The Outlook: Hunkering down for the apocalypse, maybe
If you're hunkering down waiting for the storm to end, or coming in from digging out, be of good cheer.
My silver lining playbook reveals that next weekend will be sunny though chilly — and that's great news for the many pre-Christmas celebrations and shopping extravaganzas planned in Pittsfield, Dalton, Lenox, Stockbridge, Williamstown and other communities.
The first full weekend of December is prime time for festivities, services and various observances to help bring on the holiday spirit. And it's a good time to celebrate the Brotherhood of Man/Woman/Child in whatever way fits your own traditions.
But first, here's the winter storm in progress as autumn phases out — for weather scientists, "meteorological winter" is December through February. Unless all the forecasters end up with omelette on their faces, it should the king of whoppers — snow, a dollop of sleet, a splish-splash of freezing rain and, of course, school, office and event cancellations, postponements and delays — check out The Eagle's updated list online and on social media.
On Sunday, with the well-hyped snowstorm a bit tardy for its scheduled arrival but well underway by mid-afternoon, folks were crowding the stores, laying in supplies for "The Apocalypse, Maybe."
Maybe, because our buddies at the National Weather Service in Albany — poring over their computer models and pumping out frequent web and social media updates — added this abundance-of-caution note to their Sunday analysis: "Should the storm track farther south and east than currently expected, amounts across the region, particularly near and north of I-90, would be much less."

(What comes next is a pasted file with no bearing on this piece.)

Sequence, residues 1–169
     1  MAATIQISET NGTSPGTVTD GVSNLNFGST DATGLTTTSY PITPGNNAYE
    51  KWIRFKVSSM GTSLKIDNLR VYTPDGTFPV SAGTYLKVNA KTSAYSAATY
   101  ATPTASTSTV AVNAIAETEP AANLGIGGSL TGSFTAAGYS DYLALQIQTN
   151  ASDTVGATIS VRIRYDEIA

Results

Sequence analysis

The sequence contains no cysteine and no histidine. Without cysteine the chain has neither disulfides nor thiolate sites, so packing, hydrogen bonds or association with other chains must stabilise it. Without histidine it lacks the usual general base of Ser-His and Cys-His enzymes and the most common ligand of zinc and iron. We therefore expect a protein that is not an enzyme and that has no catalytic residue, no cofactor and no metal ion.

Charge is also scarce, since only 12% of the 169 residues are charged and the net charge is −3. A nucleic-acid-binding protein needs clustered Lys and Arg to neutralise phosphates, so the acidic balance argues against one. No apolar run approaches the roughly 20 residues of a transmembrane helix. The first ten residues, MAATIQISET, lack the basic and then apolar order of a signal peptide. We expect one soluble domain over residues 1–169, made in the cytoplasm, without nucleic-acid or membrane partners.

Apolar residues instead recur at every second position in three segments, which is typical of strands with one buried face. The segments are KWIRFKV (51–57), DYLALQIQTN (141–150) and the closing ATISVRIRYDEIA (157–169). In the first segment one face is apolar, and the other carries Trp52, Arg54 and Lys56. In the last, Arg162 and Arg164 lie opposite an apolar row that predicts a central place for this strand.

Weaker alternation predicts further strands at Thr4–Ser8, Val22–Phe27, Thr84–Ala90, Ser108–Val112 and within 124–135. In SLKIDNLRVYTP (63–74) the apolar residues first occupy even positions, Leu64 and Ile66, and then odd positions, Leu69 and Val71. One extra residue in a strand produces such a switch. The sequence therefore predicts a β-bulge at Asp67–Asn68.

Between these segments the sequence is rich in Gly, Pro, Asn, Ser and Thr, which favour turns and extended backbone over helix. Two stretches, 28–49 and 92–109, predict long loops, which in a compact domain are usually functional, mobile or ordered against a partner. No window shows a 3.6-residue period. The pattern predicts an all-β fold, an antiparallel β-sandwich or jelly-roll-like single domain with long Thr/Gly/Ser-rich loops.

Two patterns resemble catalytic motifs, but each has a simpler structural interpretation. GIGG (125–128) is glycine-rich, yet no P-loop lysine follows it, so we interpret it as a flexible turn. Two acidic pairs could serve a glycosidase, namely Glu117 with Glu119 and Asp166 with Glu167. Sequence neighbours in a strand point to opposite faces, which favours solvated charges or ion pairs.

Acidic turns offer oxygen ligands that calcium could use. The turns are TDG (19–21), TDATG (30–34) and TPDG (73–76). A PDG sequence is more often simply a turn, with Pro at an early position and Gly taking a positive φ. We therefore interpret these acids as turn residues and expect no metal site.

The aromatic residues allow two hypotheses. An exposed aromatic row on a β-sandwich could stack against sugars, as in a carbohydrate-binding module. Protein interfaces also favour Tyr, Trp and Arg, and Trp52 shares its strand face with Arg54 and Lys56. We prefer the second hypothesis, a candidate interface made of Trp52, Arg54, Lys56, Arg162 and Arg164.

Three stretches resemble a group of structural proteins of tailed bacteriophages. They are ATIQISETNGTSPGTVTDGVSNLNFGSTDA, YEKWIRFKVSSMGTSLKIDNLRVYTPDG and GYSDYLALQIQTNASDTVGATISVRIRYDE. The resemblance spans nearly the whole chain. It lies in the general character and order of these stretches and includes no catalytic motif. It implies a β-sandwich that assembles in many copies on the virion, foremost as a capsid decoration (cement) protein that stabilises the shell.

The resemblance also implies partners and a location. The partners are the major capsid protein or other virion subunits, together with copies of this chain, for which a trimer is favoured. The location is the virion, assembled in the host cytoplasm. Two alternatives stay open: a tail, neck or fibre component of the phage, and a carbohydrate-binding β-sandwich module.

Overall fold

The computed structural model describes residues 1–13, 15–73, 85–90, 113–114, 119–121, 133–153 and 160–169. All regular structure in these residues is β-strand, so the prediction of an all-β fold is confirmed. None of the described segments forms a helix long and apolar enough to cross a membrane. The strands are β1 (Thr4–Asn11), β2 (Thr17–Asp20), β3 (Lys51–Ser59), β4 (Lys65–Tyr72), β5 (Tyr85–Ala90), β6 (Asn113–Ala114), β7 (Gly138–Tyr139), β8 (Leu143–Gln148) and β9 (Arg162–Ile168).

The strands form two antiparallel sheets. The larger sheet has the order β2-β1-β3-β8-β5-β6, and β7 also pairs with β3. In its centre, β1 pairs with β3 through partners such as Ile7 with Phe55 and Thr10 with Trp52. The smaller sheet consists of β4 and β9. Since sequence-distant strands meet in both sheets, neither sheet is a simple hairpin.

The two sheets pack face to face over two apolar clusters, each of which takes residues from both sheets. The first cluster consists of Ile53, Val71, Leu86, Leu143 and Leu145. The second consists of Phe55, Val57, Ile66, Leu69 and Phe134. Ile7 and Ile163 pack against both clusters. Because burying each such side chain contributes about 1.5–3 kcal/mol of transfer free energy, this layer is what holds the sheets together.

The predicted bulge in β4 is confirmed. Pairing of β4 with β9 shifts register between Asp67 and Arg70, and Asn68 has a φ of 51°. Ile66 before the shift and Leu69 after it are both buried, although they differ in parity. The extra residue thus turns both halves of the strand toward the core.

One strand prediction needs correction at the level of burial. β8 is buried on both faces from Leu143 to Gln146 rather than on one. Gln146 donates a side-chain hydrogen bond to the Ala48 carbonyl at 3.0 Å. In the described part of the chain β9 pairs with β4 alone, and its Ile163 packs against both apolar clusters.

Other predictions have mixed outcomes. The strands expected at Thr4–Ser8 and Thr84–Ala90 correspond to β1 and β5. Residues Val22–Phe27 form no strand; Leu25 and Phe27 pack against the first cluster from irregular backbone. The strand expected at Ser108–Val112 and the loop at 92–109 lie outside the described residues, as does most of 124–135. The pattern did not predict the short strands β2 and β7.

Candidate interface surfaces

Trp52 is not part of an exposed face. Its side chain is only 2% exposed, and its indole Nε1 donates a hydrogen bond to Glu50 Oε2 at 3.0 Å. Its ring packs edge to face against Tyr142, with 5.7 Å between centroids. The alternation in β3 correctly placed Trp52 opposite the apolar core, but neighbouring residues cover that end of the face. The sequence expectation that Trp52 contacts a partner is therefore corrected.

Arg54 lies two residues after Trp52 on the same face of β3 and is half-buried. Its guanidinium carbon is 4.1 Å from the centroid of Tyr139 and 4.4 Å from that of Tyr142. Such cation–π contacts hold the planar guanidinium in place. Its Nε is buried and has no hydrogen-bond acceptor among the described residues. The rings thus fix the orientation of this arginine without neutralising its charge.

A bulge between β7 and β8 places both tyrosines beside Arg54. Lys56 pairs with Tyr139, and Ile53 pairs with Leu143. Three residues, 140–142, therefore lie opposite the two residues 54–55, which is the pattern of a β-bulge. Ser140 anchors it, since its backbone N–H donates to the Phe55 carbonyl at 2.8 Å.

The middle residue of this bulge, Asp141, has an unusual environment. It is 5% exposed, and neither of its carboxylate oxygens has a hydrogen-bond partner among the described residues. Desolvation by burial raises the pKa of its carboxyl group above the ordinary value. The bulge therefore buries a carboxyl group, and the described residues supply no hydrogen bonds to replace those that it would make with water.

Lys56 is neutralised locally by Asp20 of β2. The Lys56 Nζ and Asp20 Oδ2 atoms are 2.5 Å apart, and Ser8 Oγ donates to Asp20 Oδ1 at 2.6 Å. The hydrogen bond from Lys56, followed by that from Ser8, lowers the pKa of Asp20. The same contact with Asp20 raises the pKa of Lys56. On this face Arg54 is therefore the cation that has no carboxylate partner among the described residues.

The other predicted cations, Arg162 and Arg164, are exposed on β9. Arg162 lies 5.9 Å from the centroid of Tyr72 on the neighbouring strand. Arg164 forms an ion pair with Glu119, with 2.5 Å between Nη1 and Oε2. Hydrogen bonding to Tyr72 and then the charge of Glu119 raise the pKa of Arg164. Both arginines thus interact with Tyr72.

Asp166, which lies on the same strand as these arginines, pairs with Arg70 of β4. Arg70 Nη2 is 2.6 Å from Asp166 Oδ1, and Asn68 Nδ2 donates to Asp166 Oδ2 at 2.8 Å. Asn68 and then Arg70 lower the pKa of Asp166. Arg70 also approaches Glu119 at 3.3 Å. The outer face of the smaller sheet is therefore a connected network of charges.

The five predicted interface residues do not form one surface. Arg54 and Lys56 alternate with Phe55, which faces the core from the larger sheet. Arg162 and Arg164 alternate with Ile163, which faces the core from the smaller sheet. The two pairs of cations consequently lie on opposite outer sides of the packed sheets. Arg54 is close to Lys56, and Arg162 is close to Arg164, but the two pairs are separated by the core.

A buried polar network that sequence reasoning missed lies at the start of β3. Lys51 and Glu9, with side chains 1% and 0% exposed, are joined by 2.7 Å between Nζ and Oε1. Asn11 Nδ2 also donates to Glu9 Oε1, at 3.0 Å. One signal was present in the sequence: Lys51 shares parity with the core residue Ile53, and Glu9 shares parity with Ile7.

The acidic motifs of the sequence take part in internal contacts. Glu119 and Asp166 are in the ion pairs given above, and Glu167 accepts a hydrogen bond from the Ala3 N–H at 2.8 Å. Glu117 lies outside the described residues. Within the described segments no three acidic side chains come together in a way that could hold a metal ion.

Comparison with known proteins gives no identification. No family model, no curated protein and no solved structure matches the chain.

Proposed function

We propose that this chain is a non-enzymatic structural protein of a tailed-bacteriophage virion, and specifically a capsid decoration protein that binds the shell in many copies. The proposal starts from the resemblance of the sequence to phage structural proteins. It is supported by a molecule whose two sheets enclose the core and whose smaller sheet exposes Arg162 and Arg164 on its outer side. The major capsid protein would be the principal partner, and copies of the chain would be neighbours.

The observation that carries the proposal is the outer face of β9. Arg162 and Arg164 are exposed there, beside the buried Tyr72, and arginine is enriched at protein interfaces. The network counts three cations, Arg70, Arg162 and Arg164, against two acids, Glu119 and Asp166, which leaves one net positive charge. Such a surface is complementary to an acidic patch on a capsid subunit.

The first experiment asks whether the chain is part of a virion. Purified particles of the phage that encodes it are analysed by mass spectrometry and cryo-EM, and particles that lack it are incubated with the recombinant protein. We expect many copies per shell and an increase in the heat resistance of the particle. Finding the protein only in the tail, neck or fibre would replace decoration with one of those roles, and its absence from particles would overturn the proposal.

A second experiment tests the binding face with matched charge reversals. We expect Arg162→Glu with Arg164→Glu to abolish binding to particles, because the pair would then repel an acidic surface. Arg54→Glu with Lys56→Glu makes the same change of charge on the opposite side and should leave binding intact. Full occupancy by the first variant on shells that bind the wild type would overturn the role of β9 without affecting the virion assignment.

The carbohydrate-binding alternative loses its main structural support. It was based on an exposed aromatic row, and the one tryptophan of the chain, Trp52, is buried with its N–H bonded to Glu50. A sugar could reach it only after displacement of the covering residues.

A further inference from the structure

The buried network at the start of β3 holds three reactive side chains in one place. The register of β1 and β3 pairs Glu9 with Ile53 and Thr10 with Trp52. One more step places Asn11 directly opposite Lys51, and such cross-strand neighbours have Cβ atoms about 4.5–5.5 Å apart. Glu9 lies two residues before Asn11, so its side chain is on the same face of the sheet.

The storm we're getting trekked from coast to coast, but expected to transfer its energy to a coastal low-pressure system developing off the New Jersey coast, then tracking off Cape Cod into the Gulf of Maine and a direct hit on Nova Scotia. It's a nor'easter-style snowstorm, and as such it's always tricky to pinpoint snow amounts, especially with sleet and freezing rain expected before sunup on Monday.
It's also an unwelcome visitor settling in for a nearly 48-hour stay, so the official winter storm warning remains up until 7 a.m. Tuesday. The National Weather Service still expects 10 to 20 inches over western New England, though some hill towns in the Berkshires and the Greens of Southern Vermont could be plowing out from close to two feet of heavy, wet snow. (Greens, because Whites are already taken, those peaks are in New Hampshire).
AccuWeather.com forecasters are looking for 10 to 15 inches, and other commercial forecasters are following their lead.
The Massachusetts College of Liberal Arts in North Adams and Westfield State University were the first to call off classes for Monday. By the time you read this, it's hard to imagine Berkshire County schools taking a chance on staying open, even with an expected letup followed by another wallop Monday afternoon, evening and maybe through the night.
Greylock Snow Day, the brainchild of veteran Mount Greylock Regional High English teacher Blair Dils and the go-to website of choice for students, staff and superintendents, predicted a 100 percent chance of a delayed opening on Monday, and a 90 percent chance of no school.
With November a not-so-fond memory now, a quick look-back at the stats confirms it was ahead of its class for wintry temps, with 19 below normal days and two record lows on the 12th (15) and 13th (11) — a rude awakening following the 66-degree high on Nov. 1, but only 1.5 inches of snow, significantly less than typical for the month.
In Great Barrington, longtime weather observer Nick Diller reports that it was the coldest November of the current century, and the government's records at Pittsfield Municipal Airport tell the same story.
Looking ahead toward mid-December, the National Weather Service's Climate Prediction Center spies milder than normal temps, and above normal rain or snowfall. Subject to change, of course, as all long-range forecasts are. Flip your coin.
Clarence Fanto can be reached at email@example.com, on Twitter @BE_cfanto or at 413-637-2551.
TALK TO US
If you'd like to leave a comment (or a tip or a question) about this story with the editors, please email us. We also welcome letters to the editor for publication; you can do that by filling out our letters form and submitting it to the newsroom.